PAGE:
US 849028 A
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Description (OCR text may contain errors)
No. 849,028. PATENTED APR. 2, 1907.
G. E. STEVENS. CONNECTOR FOR ELECTRIC GONDUCTORS.
APPLIOATION FILED PEBJI, 1904.
witnesses Irwoerw'cor- George ElSteOens MW @y M M UNITED sTAT s PATENT OEEI E.
GEORGE E. STEVENS, OF LYNN, MASSAOTIUSTETTS, ASSIGNOR To GENERAL ELECTRIC COMPANY, A CORPORATION OF NEW YORK.
Specification of Letters Patent.
Patented April 2, 1.907.
Application filed February 11, i904- Serial No. 193,031.
To (1, whom it may concern:
Be it known that I, GEORGE E. STEVENS, a citizen of the United States, residing at Lynn, in the county of Essex and State of Massachusetts, have invented certain new.
tion, which may be quickly and readily applied to the conductor, which shall not require the use of solder, and which can be manufactured rapidly at a small cost.
To accomplish these ends, I provide a clip' or connector for the conductor consisting, preferably, of two metallic pieces adapted to grip the end of the conductor and hold it firmly between them and shaped to facilitate connection to a fixed stud or other device. One of these parts is a short tubular piece of metal of good conductivity having a curled flange at one end integral therewith, and the end of the conductor, stripped of its insulation, is curled around, this tubular stem and pressed againstthe flange. The other part of the connector is a circular punching of sheet metal of good conductivity having a concentric opening therein and is adapted to fit over the tubular stem of the other part and slip down u on the conductor. With the two parts 0 the connector assembled thus with the conductor between them the end of the stem extending through the opening in the sheet-metal piece is turned over and pressed down on that piece until the latter is forced into firm engagement with the conductor, which is thus tightly inclosed by the sheet-metal piece'on one side and the curled flange on the end of the stem on the other. The sheet-metal blank which forms one part of the connector is preferably punc ed out with an integral extension form ing wings which are-adapted to be curled around the conductor to give greater strength to the joint between it and the connector. Both of the. operations above described-that of turning the end of the stem over and down upon the sheet-metal-piece and that of curl-.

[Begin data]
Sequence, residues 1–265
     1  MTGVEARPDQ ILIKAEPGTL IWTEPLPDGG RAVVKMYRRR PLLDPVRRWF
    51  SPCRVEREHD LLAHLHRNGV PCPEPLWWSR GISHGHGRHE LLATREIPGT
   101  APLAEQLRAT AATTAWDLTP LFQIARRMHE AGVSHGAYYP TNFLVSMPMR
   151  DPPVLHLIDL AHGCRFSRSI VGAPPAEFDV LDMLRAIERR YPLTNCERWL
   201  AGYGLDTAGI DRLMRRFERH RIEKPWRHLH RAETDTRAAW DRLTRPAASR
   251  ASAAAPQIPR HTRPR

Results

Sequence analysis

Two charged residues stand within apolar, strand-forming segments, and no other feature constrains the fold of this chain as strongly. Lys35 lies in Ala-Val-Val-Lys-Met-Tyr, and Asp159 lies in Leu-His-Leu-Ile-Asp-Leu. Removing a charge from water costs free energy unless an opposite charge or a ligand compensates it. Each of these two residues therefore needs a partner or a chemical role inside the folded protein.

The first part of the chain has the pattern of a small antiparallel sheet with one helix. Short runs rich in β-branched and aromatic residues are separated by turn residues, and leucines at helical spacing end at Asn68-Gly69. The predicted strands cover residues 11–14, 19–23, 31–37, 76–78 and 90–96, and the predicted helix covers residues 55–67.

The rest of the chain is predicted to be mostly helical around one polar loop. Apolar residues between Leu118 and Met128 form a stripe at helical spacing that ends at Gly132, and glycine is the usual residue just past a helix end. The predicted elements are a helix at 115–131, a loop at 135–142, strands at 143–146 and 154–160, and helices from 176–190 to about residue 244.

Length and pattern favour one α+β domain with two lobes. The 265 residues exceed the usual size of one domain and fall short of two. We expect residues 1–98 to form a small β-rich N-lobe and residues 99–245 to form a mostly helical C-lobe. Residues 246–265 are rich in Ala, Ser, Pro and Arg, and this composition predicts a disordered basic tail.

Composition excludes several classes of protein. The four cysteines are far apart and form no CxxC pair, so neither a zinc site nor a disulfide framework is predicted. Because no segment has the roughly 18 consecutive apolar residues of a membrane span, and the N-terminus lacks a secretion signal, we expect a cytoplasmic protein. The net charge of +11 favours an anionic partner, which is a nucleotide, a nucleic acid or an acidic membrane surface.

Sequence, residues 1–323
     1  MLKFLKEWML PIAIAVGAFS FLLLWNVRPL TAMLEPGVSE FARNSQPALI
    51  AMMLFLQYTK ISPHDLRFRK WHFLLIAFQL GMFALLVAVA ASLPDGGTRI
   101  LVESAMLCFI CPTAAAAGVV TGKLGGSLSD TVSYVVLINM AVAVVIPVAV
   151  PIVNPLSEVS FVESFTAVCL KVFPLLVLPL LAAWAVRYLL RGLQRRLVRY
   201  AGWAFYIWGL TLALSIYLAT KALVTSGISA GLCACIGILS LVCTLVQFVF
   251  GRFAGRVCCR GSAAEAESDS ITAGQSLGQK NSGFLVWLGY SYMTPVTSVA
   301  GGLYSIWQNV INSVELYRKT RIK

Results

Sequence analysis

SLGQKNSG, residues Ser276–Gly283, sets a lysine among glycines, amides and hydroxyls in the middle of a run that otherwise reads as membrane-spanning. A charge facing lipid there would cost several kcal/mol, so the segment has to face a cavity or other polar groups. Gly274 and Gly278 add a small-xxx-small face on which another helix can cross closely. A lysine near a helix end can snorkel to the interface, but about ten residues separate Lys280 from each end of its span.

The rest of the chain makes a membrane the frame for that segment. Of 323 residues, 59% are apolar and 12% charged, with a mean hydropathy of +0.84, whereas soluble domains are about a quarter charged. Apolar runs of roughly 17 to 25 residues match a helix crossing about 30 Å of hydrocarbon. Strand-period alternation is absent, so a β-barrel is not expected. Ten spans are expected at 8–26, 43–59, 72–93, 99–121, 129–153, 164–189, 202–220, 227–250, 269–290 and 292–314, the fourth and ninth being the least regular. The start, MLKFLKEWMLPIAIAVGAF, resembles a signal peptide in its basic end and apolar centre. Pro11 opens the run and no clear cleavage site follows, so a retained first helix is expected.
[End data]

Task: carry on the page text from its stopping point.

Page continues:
ing the wings around the conductor-wan be of the connector.
quickly and readily performed at the same time in a suitable press; but other methods of accomplishing the same results may be pursued and will suggest themselves to skilled mechanics. The opening through the stem is left clearand unobstructed, so that the connector can be readily slipped over a stud or contact and secured thereto. I have thus succeeded in making a strong neat connecting device at a small cost adapted for ready connection to a stationary contact, another conductor, or any other device, and, further, the parts of the connector grip the conductor so tightly and the area of contact therewith is so large that the use of solder between the connector and conductor, which stiffens the latter and renders it liable to breakage, is entirely unnecessary.
The novel features of my invention will be definitely indicated in the claims appended hereto. The details of construction of my improved connector will be better understood by reference to the following description, taken in connection with the accompanying drawings, in which Figure 1 is a side and Fig. 2 a front View Fig. 3 is a central section thereof, and Fig. 4 is a perspective view of the parts before being united.